Javed Jabbar: Individuals, More Than Institutions?

“They (angles) may already be here, right under our noses. Concealed and stifled by Institutions? Let’s find them, energize them!”. (Illustration image insert despardes.com)

Published in the May 20204 Issue of South Asia Magazine: While the well-established view about Institutions is that they represent principles, laws, rules, accountability, procedures, values, and permanence beyond normal lifespans of mortal human beings, the actual experience of the world in general and of Pakistan, among other countries closeby as well, proves that Individuals are almost as important — and often, even more so — than Institutions.

Civil or military, legislative or judicial, political parties or special interest groups like trade bodies or sports forums: it is the character and personality of the particular individuals who occupy decisive, direction-setting positions of authority that determine the role that institutions render, either in specific situations of crisis or in broad, long-running trends.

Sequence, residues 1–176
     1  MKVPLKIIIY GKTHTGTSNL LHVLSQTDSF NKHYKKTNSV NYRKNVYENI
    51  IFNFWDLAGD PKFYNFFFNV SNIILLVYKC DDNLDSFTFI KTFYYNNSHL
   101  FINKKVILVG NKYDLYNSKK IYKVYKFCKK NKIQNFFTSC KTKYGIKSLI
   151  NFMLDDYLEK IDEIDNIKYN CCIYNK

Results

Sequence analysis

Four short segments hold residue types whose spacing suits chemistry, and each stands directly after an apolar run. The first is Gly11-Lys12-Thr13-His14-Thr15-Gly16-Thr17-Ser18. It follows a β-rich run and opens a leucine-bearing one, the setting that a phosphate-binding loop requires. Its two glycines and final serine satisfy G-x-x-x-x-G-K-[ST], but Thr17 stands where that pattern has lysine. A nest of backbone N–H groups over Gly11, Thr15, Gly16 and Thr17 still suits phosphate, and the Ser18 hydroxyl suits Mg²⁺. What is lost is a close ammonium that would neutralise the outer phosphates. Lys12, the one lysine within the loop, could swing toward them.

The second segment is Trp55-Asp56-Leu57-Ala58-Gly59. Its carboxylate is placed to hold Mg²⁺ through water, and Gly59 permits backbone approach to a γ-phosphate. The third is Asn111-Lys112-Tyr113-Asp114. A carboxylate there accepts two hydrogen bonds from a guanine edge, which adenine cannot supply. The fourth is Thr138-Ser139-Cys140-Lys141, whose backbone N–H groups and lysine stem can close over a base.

Because one action by a certain individual who subsequently leaves the office of power can create a precedent to be imitated in later years and generations, both by the same institutions and by other institutions as well.

If we accept the unavoidability of the dismissals of the Dr Khan Sahib Congress Party Government in NWFP (now KP) on 22nd August 1947 due to the unwillingness of their leaders to attend the Pakistan flag-raising ceremony, and, in another Province, the dismissal of the Ayub Khuhro Government in Sindh on 26th April 1948 on grounds of visible though not yet legally proven corruption (Ayub Khuhro had earlier opposed the separation of Karachi from Sindh to make it a Federal capital territory without his prior consent as Chief Minister), as trend-setting indicators, then the arbitrary actions of the second Governor-General (Ghulam Mohammad) in 1953 appear to be simply following in the footsteps of the Quaid-i-Azam. That is an inconvenient, uncomfortable fact.

But allowance has to be made for the Quaid’s actions in the fragile country’s first few months of existence. Pakistan had just been created in extremely volatile, violent conditions that made it vulnerable to both external threats and internal — even if unintended— subversion.